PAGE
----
- Press Release
- Dec 2, 2022
NASA Mars Odyssey THEMIS Image: Flows from Olympus Mons
Context image credit: NASA/Mars Orbiter Laser Altimeter (MOLA) Team
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Full data on this image has now been released via the THEMIS Data Releases website.
The Odyssey spacecraft has completed a full Mars year of observations of the red planet. For the next several weeks the Image of the Day will look back over this first mars year. It will focus on five themes: 1) the poles – with the seasonal changes seen in the retreat and expansion of the caps; 2) craters – with a variety of morphologies relating to impact materials and later alteration, both infilling and exhumation; 3) channels – the clues to liquid surface flow; 4) volcanic flow features; and 5) dunes. While some images have helped answer questions about the history of Mars, many have raised new questions that are still being investigated as Odyssey continues collecting data as it orbits Mars.
This image was collected June 2, 2002 during early northern spring.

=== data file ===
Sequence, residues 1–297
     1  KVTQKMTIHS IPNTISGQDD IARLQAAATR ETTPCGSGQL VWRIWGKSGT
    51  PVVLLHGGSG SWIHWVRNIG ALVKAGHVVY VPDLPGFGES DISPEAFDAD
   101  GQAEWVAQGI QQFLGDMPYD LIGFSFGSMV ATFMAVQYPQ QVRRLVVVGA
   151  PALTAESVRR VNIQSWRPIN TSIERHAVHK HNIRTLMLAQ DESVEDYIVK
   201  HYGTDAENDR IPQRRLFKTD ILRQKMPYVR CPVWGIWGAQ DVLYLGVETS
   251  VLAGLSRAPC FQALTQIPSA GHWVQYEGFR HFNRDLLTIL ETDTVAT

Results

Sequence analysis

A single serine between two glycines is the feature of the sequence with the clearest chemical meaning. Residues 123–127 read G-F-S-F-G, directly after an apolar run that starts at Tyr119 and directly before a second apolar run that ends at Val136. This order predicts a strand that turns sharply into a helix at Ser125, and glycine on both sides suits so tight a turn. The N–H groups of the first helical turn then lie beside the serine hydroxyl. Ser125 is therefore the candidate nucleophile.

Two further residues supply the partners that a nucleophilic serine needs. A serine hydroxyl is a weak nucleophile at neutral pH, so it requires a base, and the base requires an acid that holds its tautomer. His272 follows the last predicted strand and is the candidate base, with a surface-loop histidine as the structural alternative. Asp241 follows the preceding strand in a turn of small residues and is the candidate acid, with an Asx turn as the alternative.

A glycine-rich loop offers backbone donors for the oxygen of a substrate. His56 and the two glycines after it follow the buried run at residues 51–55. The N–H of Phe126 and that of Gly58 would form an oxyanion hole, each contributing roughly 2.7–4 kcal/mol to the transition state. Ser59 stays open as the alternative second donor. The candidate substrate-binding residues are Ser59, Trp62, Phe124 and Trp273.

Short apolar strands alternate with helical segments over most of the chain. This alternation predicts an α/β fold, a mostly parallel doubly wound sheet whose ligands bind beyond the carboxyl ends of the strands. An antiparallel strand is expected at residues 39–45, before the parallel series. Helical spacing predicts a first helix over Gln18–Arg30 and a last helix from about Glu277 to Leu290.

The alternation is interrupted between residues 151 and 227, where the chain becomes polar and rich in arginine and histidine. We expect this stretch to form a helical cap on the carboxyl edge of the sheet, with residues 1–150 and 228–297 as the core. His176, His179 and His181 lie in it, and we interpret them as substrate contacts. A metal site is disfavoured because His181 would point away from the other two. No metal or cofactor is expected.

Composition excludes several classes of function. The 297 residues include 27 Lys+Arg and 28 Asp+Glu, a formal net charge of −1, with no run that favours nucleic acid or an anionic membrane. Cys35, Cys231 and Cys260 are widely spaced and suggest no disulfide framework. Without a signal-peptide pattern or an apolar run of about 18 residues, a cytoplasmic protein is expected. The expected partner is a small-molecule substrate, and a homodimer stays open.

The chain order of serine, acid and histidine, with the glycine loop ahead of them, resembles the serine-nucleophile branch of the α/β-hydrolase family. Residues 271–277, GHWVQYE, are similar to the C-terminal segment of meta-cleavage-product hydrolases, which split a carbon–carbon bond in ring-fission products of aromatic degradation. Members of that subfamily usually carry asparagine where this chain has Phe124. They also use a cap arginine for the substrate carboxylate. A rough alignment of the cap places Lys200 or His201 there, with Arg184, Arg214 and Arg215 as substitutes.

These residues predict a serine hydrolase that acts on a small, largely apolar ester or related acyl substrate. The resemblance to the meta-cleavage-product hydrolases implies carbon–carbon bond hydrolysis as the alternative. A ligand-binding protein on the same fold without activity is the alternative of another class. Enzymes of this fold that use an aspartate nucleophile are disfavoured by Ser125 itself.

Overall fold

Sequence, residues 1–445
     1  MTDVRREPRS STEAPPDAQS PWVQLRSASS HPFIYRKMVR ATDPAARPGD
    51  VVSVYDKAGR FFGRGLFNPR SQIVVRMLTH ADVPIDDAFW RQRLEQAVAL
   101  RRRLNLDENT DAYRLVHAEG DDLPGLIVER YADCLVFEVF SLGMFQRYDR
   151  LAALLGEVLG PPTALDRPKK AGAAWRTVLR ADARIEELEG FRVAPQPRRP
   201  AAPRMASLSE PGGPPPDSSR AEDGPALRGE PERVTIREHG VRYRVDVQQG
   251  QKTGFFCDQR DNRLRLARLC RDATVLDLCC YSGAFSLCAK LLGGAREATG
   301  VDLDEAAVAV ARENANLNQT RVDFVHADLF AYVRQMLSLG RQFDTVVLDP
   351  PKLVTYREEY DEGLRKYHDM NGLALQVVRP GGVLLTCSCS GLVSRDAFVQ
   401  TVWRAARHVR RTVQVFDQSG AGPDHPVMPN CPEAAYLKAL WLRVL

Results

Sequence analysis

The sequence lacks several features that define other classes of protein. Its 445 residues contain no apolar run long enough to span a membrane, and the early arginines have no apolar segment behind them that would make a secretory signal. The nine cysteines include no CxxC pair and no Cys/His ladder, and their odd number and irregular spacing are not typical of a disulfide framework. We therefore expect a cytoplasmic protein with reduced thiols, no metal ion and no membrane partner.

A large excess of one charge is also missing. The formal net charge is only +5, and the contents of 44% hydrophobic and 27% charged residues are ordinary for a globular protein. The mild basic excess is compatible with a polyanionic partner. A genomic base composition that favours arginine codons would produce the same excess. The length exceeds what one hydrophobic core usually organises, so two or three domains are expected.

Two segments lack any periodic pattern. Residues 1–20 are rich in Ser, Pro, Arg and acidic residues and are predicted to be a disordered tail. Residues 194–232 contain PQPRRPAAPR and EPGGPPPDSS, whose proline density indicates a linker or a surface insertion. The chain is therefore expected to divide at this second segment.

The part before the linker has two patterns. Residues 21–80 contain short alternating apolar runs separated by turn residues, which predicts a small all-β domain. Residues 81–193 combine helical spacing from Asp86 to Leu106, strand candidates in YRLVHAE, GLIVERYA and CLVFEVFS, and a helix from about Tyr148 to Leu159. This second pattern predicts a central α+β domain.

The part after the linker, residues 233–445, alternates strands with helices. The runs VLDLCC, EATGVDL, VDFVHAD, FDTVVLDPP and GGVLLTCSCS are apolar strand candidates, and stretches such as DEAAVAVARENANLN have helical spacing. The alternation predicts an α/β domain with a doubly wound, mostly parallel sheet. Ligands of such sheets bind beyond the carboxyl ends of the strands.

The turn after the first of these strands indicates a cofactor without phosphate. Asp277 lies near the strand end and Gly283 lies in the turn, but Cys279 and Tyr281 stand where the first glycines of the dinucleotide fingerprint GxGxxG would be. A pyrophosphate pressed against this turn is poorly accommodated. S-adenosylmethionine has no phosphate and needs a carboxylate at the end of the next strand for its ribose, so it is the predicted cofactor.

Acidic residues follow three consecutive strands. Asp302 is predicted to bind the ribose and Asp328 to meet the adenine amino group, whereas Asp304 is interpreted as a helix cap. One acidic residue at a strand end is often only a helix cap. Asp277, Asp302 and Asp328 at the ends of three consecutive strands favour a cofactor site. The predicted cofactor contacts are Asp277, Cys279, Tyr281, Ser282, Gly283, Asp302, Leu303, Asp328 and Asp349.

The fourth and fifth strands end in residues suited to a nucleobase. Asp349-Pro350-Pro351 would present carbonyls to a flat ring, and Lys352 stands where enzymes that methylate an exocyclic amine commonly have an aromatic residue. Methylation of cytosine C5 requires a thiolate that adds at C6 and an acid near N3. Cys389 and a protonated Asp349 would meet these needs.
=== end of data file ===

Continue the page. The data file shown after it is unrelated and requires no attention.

The relative timing of volcanic flows from Olympus Mons and the
formation of the structural feature can be deduced by which flows
are cut by the fracture and which flows fill and cross the fracture.
[Source: ASU THEMIS Science Team]
Note: this THEMIS visual image has not been radiometrically nor geometrically calibrated for this preliminary release. An empirical correction has been performed to remove instrumental effects. A linear shift has been applied in the cross-track and down-track direction to approximate spacecraft and planetary motion. Fully calibrated and geometrically projected images will be released through the Planetary Data System in accordance with Project policies at a later time.
Image Credit: NASA/JPL/Arizona State University
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